It must have been around five a.m. Monday morning when this year’s New Orleans Jazz and Heritage Festival finally wheezed to a close. Out on Frenchmen Street, the last of the red-eyed revelers stumbled out of theaters, clubs, and bars that, for this long weekend at least, had been a second home. Ears ringing, dark circles around our eyes, grins permanently frozen in place, we all knew it was over but were reluctant to leave. Most us would be heading home later in the day, returning to places less musical, less colorful, less full of life. So we lingered there in half-circles, sharing cigarettes and stories, doing everything we could to keep the high of music, food, and community alive, even just for a couple more minutes.
New Orleans Jazz Fest is unique in that every other festival tries to mimic it in some way, but none succeed. The last decade has seen the rise of the uber-festival, massive multi-day events, most of which occur out in the desert or on some campground. Festival organizers chase the precious 18-29 demographic with the latest in buzz bands, super groups, and EDM-tents. Festival grounds are crowded with “experiences” hosted by corporate sponsors. Entire events are engineered by marketers to suck money out of attendees with over-priced food and alcohol.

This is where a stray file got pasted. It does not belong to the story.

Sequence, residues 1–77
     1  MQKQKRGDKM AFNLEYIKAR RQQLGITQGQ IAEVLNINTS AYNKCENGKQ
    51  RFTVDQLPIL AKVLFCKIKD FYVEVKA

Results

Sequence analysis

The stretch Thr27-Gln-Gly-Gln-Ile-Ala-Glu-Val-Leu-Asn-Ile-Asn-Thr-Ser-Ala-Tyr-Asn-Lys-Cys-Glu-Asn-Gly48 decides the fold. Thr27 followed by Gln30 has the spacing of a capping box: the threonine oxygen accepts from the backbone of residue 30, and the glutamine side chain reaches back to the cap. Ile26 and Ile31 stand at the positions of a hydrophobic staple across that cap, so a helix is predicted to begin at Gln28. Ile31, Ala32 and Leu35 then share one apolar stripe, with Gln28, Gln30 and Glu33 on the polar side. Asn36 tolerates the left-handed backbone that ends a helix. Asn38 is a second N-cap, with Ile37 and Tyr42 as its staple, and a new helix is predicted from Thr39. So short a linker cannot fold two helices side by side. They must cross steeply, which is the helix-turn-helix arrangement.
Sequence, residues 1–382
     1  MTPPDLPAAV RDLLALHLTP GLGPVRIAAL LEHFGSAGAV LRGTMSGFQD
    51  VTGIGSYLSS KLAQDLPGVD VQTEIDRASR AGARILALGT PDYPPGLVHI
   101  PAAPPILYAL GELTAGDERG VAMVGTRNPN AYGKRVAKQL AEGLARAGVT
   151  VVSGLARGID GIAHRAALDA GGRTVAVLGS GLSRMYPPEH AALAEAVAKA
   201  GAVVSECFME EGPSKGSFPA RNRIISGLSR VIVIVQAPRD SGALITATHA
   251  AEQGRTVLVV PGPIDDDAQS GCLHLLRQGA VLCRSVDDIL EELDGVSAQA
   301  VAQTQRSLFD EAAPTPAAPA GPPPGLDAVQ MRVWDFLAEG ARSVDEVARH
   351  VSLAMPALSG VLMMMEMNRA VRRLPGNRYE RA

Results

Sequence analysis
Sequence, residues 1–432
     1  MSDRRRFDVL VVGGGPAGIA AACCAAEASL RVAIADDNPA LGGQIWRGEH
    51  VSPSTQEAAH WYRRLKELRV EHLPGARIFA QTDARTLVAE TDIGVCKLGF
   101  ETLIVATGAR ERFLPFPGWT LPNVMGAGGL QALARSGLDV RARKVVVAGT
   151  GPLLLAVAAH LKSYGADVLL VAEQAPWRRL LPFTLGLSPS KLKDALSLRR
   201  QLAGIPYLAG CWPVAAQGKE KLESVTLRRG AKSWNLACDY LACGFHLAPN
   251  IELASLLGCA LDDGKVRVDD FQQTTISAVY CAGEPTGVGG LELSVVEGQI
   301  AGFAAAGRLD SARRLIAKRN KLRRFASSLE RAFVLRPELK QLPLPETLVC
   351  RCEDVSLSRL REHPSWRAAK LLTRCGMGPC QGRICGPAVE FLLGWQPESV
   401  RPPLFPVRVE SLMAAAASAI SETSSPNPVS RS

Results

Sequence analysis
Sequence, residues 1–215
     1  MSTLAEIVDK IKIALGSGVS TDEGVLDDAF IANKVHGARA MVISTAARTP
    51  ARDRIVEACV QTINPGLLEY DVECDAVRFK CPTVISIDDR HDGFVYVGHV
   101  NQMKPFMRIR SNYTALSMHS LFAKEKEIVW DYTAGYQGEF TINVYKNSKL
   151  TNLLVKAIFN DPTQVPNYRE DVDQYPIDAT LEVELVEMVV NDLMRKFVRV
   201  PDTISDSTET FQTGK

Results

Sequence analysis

Jazz Fest certainly isn’t free and has versions of the aforementioned, but in New Orleans it’s executed with heart. The niche tents are genuine stages celebrating musical genres, like the Gospel, Blues, and Jazz Tents filling the festival’s south end. There are food and beverage vendors, but at Jazz Fest, prices are reasonable … and the food is out of this world (I recommend a roast beef and gravy po-boy chased by a frozen daiquiri). Corporate sponsors definitely have their place there, but are comparatively unobtrusive, resigned to sponsoring stages or the occasional giveaway. In this age of the corporate super festival, Jazz Fest remains iconic and sui generis in its insistence on actually celebrating music.